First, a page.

5 Myths About Your Child’s Allergic Rhinitis – Busted!

Is allergic rhinitis the same as colds or flu? Is it common? There are a myriad of myths surrounding allergic rhinitis that need to be clarified.

Allergies tend to have a long-term effect on the sufferer, which may worsen overtime if not prevented, treated or appropriately managed. In this article, we’ll reveal five common misconceptions about the condition to help you understand it better and effectively manage its effects on your child.

1. Allergic rhinitis is uncommon amongst children
Allergic rhinitis is the most prevalent allergic disease in children. Here in Singapore, if affects up to 40% of the nation’s schoolchildren.1

There are two types of allergic rhinitis – perennial and seasonal. Perennial allergic rhinitis occurs all year round and is typically caused by indoor allergens such as dust mites, mould, insects, and pet fur. Seasonal allergies are related to outdoor allergens such as pollens from trees, grasses, and weeds.

2. It's the same as the common cold or flu

Although they share several symptoms, such as runny nose, blocked nose and sneezing, allergic rhinitis is quite different from the common cold or flu. It’s not caused by a viral infection and it doesn’t just go away within a couple of days.

As it’s an allergy, it's triggered by certain allergens such as pollen, smoke or dust mites, and will persist until the allergen is gone. Usually, symptoms of allergic rhinitis will last for so long as the allergens are present, and generally occurs without a fever.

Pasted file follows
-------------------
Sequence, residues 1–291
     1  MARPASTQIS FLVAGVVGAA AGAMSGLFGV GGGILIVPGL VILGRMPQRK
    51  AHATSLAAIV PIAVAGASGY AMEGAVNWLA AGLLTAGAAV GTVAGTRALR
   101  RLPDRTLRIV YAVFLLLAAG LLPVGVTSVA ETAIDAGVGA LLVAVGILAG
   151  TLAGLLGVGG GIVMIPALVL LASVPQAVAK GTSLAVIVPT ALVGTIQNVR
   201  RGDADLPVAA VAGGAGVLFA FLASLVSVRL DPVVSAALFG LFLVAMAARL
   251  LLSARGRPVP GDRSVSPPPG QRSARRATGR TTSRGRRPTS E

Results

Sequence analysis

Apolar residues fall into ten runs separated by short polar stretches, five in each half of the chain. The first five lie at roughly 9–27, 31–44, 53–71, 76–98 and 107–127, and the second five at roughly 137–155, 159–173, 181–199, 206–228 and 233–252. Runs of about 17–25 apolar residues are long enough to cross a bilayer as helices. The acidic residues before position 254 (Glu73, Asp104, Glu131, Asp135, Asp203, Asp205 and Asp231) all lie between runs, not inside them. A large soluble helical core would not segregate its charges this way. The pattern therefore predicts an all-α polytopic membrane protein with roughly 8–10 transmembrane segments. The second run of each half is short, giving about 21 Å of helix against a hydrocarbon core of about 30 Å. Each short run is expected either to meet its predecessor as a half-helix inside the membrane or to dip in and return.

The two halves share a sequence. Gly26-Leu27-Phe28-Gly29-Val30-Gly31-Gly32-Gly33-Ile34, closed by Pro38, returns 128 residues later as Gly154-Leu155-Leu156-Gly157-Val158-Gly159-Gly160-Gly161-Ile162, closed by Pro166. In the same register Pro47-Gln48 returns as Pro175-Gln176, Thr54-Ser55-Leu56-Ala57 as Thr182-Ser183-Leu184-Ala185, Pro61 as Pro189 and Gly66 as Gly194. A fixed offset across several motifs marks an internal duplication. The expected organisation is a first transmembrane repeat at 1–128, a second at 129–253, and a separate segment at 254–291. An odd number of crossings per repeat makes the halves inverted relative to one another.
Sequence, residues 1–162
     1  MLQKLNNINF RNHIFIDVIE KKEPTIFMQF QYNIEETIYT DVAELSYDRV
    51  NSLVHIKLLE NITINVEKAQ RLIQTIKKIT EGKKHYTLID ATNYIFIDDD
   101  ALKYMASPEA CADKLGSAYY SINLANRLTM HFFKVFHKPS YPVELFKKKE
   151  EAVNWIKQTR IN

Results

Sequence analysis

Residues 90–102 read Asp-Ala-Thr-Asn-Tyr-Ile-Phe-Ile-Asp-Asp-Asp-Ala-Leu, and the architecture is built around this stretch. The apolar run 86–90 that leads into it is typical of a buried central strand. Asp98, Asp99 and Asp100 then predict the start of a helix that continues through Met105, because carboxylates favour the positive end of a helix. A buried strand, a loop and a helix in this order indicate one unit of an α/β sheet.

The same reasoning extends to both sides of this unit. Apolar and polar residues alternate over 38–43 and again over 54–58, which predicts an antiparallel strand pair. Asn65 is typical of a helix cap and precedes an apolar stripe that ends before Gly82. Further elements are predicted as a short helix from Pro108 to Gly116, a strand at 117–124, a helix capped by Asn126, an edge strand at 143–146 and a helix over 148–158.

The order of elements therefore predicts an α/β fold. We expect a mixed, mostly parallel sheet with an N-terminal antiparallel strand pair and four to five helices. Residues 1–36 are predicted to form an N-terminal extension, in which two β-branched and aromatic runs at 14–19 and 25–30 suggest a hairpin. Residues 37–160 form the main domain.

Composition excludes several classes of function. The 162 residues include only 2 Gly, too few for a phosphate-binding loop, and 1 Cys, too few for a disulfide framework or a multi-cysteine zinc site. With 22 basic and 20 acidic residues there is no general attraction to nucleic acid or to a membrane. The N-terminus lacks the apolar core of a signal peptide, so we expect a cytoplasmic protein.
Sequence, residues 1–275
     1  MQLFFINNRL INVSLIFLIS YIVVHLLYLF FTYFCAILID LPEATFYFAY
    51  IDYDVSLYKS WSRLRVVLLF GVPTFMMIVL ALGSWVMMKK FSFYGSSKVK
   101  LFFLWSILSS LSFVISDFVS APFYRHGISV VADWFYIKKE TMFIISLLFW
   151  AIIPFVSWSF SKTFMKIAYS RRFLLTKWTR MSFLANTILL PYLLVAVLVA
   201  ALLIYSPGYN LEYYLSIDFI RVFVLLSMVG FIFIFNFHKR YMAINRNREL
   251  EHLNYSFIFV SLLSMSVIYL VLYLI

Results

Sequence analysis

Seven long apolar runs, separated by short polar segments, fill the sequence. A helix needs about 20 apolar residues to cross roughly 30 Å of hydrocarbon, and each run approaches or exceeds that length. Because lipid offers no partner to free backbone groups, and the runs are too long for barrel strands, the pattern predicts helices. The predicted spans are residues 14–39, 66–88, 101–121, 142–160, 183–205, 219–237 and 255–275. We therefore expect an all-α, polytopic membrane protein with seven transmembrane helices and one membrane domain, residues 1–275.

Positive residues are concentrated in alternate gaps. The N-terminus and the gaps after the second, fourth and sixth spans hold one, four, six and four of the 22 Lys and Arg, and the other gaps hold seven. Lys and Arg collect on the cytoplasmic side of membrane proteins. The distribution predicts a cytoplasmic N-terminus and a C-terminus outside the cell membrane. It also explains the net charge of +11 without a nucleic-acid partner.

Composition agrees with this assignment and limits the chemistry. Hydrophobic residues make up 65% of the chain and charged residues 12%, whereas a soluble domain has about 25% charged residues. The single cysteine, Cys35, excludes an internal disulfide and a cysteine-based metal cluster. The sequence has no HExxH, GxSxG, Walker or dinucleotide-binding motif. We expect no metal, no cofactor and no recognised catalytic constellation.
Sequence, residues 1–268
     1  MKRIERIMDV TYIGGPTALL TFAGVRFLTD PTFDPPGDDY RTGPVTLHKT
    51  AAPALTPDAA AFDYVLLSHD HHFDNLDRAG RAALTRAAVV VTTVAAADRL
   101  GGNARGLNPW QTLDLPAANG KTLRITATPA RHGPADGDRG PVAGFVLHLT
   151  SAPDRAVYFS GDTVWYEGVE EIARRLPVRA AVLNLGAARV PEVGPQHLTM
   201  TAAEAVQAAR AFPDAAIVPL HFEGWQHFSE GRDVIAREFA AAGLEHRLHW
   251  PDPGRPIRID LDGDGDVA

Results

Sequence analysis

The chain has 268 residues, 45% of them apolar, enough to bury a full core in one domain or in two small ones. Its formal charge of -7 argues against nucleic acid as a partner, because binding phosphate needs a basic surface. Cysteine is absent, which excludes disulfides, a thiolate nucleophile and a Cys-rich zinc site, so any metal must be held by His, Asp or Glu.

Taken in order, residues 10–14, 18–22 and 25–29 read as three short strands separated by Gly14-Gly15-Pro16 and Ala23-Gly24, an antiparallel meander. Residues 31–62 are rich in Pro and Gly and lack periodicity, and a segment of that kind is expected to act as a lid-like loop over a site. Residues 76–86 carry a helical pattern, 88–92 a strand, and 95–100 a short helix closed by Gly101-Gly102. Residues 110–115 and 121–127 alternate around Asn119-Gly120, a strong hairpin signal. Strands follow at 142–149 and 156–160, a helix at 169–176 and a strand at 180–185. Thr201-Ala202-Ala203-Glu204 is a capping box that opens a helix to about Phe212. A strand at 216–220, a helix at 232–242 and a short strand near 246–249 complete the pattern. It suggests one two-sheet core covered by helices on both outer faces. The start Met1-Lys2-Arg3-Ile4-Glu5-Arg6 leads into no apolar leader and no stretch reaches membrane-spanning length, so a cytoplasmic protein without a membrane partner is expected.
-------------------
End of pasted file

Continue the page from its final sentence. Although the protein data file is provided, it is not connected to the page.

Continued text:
Allergic rhinitis, the common cold and the flu are often confused with each other. If you suspect any of these conditions, do consult a doctor to appropriately diagnose your child’s condition and guide you to the right medication.

3. It's not that serious, my child can tolerate it

Symptoms of allergic rhinitis can become more severe if not treated early and promptly. Apart from causing discomfort, it can affect your child’s performance in school and sports activities as well as their sleep quality. For example, itchy skin rash or watery eyes can impair your child’s focus in school, and blocked nose can cause snoring and dry mouth which can affect sleep quality.

4. Avoidance of allergy triggers is the only treatment for allergies

Prevention is key when it comes to allergies. You should always avoid your child’s exposure to anything that you know may trigger his or her allergies. While there is no cure for allergies, several treatment options can help reduce symptoms. Common remedies include antihistamines such as Zyrtec-R Oral Solution, decongestants, and nasal sprays. Check with your doctor to guide you to the right medication.

5. Antihistamines are the same as decongestants

Although both medications are treatments for allergic rhinitis, they help to relieve different symptoms. Antihistamines target histamine, a substance your body makes during an allergic attack. As such, it helps to prevent itching, sneezing and runny nose.

However, decongestants reduce the amount of fluid in your nose lining which relieves nasal congestion or blocked nose and swollen passages.

Allergic rhinitis, the common cold and the flu are often confused with each other. If you suspect any of these conditions, do consult a doctor to appropriately diagnose your condition and guide you to the right medication.